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A MIXTAPE FOR THE END OF HUMANITY

An entertaining, uncompromising, often farcical near-future tale that revels in pop culture.

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An unnamed narrator details the events that ultimately led to humanity’s extinction on Earth in first-time novelist Bulsara’s sci-fi-infused satire.

Humans are gone, and the apparent sole survivor is this book’s narrator—“the emissary for an extinct race.” According to the narrator, the end of humanity begins with a pop star’s mental collapse, which monopolizes the press. Her agency’s response is to bring a class-action suit against the company where she got started as a child. Other celebrities who began as child stars turn on their former companies as well, and legislators outlaw child labor in the entertainment industry. One entrepreneur’s response is to create an entirely digital singer, from voice to body. The bot, Cyndi Mayweather, becomes a huge star to audiences who believe she’s human. But Cyndi is also the precursor to The Great Disruption—more than 80 percent of jobs become automated and render 71 percent of humans unemployed. Meanwhile, humanity can no longer ignore climate change, which culminates in devastating floods, droughts, and fires in major U.S. cities. The upper class consequently creates geodesic domes that pop up in cities around the world. In America, racism flourishes. Those in a newly minted and domed Metropolis are predominantly white; black and brown Americans live in poverty. As they’re contending with the effects of class conflict, humans also face and are grossly unprepared for viral outbreaks. As humanity is evidently doomed, the narrator has a plan to document its history and find a way to warn the universe, provided there is life on other planets. Despite the author’s opening “Liner Notes” calling this novel a “mixtape” and the narrator “glitchy,” Bulsara’s story is fairly traditional. The narrative, for example, is primarily linear and often focuses on specific characters, such as JA-NL, a young black girl fighting against the wealthy’s attempts to control less fortunate citizens. Likewise, Bulsara so seamlessly incorporates song lyrics—and occasionally movie quotes—that readers who don’t catch a particular reference won’t be lost. Though JA-NL is a standout, other striking characters include Brand-N, whom readers see undergo the Becoming of Age ceremony (an initiation into upper society), and the narrator, who eventually reveals their identity. Bulsara is funny; the international domed nations form the United Federation of City-States (UFoCs), so that the inhabitants are known as UFoCers. Additional signs of satire are much more biting, like celebrity name-dropping and a noticeably dim view on social media (a platform for easily manipulating people into becoming fans of Cyndi). There are also blunt but insightful points on racial discrimination: the Moloch 5000 is a machine that decides a student’s future career and educational path by first scanning said student’s skin color. The novel’s addenda consist of a short but helpful glossary (e.g., dronarazzi, which are essentially paparazzi drones) and a breakdown of the social structure within the story. And notwithstanding the narrator’s assurance to readers that humans are extinct, the ending is not as bleak as some may anticipate.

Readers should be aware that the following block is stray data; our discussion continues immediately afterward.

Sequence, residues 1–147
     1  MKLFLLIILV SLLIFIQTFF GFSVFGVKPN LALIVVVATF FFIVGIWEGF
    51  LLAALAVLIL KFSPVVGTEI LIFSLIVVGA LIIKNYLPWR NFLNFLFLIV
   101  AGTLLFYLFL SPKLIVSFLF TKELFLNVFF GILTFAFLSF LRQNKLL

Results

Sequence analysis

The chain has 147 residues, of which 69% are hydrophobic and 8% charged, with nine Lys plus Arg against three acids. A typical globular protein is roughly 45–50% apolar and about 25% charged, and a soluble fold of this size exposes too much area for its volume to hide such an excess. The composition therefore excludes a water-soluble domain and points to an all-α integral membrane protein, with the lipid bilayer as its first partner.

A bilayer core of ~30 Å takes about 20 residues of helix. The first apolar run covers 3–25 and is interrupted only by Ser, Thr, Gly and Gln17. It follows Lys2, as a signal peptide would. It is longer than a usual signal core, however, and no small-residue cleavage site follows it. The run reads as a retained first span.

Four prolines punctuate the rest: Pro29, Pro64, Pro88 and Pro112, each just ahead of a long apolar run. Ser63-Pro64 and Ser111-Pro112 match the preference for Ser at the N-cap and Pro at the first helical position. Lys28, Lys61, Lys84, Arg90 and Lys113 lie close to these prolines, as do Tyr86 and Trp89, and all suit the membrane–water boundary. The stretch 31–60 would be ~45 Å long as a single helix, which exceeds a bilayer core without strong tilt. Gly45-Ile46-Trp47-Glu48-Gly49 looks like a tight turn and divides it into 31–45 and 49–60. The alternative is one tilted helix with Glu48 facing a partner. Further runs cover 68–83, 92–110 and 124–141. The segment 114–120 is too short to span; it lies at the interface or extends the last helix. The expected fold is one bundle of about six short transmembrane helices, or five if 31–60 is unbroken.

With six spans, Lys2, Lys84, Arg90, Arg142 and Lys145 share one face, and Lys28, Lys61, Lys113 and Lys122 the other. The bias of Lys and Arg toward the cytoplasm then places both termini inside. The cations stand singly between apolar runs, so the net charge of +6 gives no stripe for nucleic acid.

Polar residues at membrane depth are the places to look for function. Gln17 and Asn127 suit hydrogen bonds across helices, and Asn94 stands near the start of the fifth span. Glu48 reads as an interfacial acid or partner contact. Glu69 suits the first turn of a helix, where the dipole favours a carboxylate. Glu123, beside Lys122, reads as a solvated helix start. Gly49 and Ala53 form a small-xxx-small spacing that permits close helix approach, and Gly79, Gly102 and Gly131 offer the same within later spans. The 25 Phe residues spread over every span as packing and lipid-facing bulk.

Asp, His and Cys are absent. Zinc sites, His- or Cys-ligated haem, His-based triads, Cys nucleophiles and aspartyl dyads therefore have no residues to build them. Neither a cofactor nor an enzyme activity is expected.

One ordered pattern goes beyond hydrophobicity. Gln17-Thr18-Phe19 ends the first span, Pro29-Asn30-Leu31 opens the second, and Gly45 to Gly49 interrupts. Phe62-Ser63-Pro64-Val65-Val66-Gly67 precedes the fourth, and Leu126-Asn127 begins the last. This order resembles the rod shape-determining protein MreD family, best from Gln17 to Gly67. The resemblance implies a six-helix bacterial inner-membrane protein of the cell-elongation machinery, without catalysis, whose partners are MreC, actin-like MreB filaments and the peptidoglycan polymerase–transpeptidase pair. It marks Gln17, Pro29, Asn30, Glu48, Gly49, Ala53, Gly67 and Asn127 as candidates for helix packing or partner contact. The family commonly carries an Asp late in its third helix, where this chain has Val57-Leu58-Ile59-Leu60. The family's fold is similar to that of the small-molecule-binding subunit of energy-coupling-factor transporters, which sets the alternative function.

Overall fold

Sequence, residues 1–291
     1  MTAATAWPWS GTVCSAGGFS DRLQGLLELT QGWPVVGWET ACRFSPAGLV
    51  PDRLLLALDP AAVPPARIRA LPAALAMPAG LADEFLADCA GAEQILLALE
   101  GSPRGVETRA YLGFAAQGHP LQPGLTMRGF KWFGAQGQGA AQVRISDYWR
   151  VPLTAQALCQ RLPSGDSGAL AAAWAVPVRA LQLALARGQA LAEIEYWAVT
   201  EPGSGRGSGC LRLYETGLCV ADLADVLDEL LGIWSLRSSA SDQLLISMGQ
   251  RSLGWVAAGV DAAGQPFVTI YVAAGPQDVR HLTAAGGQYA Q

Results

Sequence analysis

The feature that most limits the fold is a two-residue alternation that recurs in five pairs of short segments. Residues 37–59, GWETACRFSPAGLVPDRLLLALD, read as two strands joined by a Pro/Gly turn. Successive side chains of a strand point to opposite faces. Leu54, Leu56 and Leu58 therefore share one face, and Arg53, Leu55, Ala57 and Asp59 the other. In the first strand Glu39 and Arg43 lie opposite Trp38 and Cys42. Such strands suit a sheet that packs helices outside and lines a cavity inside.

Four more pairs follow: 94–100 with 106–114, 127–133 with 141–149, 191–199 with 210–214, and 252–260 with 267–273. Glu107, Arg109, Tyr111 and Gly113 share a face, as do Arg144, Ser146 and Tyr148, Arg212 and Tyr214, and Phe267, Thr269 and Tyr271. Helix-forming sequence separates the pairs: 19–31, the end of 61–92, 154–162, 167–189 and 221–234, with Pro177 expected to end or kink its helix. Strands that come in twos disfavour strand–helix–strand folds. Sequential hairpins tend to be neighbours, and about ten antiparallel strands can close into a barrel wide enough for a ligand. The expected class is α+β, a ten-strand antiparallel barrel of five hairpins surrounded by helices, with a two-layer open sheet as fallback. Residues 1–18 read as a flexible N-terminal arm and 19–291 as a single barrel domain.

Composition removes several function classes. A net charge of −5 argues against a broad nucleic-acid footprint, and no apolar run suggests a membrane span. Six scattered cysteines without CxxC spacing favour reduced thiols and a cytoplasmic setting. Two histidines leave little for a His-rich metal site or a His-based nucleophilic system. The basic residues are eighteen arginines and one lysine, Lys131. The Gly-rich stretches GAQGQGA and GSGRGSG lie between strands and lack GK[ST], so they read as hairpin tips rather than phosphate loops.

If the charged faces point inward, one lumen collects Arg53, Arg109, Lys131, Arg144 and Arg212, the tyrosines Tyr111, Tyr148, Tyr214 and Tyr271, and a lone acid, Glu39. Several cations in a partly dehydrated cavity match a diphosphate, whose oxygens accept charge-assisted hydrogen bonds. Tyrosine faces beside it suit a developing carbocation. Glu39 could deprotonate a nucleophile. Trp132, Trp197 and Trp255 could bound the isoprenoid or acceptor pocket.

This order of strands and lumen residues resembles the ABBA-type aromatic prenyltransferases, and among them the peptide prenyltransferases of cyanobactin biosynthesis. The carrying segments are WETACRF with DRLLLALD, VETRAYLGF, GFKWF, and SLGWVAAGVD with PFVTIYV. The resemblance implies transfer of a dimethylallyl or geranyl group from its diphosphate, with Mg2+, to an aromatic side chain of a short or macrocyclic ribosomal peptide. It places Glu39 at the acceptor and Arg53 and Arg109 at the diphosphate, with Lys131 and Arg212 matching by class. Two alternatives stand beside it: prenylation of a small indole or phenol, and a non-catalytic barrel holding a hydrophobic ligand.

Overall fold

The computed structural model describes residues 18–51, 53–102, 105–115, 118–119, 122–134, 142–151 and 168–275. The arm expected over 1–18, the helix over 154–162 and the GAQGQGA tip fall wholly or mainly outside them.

An entertaining, uncompromising, often farcical near-future tale that revels in pop culture.

Pub Date: April 12, 2019

ISBN: 978-1-73371-256-9

Page Count: 500

Publisher: Posthuman Post

Review Posted Online: June 16, 2019

Kirkus Reviews Issue: Aug. 1, 2019

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A LITTLE LIFE

The phrase “tour de force” could have been invented for this audacious novel.